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Grain and oilseed market analysis should boil down to two questions: How much did farmers produce, and how much was consumed? This leaves a residual, which is the gap between total supply and total demand. The larger the residual (ending stocks) the more pressure on prices and vice versa. A fundamentals-driven analyst would look closely at the magnitude (big/little) and direction (up/down) of ending stocks and be able to discern price direction. Unfortunately, for farmers and consumers, macroeconomics and geopolitical aspects matter and often dominate the determination of prices.

As the tragic Russian invasion of Ukraine continues, macroeconomic conditions have deteriorated. Inflation is at the root of the problem. During the height of COVID-19, western governments unleashed a massive quantity of monetary support. This largesse was necessary to stave off a larger economic cliff drop and, on a human level, provide for people who lost jobs.

Inflation has run rampant and central banks have attempted to tame it through interest rate hikes. The combination of inflation and higher interest rates has drastically affected economic conditions. Stock markets have plunged and traders are nervous, unsure which assets to purchase. So-called inflation hedges such as cryptocurrencies and agricultural products have proven unworthy, crypto because it is essentially a Ponzi scheme. The lack of interest in agricultural products is probably correlated with elevated uncertainty and potential volatility related to the war in Ukraine. The asset that has attracted the most interest is the US dollar (USD), against which, major currencies have depreciated. This includes the Canadian dollar (CAD).

Most global commerce is conducted in USD. This includes both inputs and outputs. A weaker CAD increases costs for Canadian farmers, especially imports such as certain fertilizers, machinery, chemicals and consumer products.

A weaker CAD should increase farm gate returns, but this carries a large qualifier. Ceteris paribus is a Latin term economists use in situations like this, and translates as “other things being equal.” It’s the outcome if no additional variables change. In this case, a lower CAD, ceteris paribus, would equate to higher farm gate returns.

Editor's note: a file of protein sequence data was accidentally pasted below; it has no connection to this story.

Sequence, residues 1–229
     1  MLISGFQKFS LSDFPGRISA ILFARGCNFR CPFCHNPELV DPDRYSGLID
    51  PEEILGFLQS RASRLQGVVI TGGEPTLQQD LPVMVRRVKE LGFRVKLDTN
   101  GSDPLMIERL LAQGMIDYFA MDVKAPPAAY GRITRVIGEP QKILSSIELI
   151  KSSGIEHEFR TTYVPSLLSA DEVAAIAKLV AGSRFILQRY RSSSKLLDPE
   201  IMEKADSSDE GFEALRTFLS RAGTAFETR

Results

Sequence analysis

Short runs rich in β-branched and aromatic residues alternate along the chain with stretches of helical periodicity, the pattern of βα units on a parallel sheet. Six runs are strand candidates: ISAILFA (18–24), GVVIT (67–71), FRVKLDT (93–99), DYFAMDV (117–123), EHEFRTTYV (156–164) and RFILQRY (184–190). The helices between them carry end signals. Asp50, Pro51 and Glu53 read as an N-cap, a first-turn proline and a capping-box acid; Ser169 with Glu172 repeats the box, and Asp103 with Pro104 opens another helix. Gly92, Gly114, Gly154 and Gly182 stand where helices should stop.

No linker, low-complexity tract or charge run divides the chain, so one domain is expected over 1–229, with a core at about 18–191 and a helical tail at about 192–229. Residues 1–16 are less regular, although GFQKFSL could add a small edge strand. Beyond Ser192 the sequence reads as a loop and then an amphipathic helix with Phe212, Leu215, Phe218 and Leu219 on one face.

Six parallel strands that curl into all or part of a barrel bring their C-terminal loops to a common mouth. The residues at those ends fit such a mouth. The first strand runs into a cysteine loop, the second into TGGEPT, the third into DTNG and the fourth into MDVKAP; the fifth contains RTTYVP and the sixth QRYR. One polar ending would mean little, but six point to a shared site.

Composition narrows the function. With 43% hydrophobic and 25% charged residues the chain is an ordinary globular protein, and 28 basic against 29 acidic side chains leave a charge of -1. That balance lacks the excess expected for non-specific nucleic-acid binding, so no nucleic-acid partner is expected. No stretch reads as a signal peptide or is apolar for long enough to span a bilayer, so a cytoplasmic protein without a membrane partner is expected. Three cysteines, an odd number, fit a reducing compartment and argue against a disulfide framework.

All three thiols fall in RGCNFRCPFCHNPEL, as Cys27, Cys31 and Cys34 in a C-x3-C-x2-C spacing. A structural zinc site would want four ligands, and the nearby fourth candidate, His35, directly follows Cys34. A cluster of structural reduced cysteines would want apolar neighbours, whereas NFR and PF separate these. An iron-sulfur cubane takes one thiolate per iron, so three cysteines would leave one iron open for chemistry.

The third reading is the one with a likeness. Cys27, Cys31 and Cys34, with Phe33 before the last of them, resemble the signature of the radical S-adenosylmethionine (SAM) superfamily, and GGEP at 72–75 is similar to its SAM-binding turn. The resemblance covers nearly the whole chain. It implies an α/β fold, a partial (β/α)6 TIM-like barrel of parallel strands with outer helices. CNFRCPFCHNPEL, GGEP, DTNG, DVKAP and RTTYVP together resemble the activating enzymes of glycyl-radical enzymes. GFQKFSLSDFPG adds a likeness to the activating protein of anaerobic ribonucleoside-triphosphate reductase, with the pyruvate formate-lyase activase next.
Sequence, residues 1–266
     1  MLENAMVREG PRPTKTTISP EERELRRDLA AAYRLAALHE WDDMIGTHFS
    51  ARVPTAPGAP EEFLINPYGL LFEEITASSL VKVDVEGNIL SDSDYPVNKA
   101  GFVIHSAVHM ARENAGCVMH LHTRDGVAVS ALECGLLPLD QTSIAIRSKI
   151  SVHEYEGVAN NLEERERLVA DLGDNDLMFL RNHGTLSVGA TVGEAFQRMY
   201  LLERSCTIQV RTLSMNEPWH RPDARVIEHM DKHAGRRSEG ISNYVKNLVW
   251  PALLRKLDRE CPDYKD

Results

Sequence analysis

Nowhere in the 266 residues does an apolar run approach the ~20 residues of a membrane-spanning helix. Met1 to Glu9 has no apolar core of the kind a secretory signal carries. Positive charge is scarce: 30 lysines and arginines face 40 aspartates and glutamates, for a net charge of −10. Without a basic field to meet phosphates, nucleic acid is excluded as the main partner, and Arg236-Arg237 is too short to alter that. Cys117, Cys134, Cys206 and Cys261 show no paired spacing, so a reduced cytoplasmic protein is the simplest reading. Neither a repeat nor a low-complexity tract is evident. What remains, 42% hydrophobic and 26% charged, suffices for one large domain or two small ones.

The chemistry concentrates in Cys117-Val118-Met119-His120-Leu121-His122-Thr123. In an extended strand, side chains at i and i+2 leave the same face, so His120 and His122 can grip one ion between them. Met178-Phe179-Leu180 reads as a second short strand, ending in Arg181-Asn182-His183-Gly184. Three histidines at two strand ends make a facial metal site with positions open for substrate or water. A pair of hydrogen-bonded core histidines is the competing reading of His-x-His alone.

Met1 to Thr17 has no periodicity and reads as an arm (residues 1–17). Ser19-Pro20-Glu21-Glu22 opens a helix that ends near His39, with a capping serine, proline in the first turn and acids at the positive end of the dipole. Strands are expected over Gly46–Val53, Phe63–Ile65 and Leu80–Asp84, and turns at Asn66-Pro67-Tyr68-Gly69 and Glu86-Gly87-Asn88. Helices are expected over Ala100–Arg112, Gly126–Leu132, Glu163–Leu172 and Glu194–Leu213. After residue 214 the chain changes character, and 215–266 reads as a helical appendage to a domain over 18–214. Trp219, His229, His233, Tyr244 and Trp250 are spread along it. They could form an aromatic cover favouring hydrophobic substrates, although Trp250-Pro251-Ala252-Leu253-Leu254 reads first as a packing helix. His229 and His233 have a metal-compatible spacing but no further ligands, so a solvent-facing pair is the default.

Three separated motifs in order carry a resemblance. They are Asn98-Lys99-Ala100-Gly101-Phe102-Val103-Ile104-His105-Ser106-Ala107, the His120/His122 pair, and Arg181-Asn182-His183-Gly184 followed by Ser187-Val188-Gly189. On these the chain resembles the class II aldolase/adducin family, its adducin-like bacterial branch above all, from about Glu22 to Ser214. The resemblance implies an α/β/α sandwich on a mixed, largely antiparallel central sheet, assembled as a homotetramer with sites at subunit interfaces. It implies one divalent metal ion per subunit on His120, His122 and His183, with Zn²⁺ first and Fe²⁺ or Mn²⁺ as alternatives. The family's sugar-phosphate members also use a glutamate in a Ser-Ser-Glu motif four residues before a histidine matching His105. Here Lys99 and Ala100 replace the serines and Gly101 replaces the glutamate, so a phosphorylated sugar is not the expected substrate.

Given heightened uncertainty and elevated volatility, anywhere the local currency has lost ground to the USD, things are more expensive and consumer demand necessarily backs off. The full extent of current demand destruction, or, at best, demand reluctance, has yet to be determined. The corollary is a weaker domestic currency, which also incentivizes the impacted country and its farmers to boost exports. They want more USD to exchange for even more of their own currency. Thus, like Canada, many of our competitors will be incentivized to export more, import less, all while consumers are likely to be cautious about consumption. Potentially, more people will be chasing a smaller demand base.

A rational expectation is that until persistent elevated inflation is tamed there will be greater uncertainty that may be amplified. In such an environment, the USD is attractive. History suggests downturns last nine months on average, but the current calamity is relatively severe and may persist between 12 and 18 months. For now, we must grin and bear it, but sometime in the future the CAD will appreciate on the USD. However, it is worth remembering that ceteris paribus is an illusion. All things are never equal and the future is unknown. As much as we hope fundamentals will be the focus of grain analysis, macroeconomic, geopolitical and environmental realities are unpredictable. Hope for stability and growth, prepare for anything.  

Neil Townsend is chief market analyst with FarmLink Marketing Solutions.


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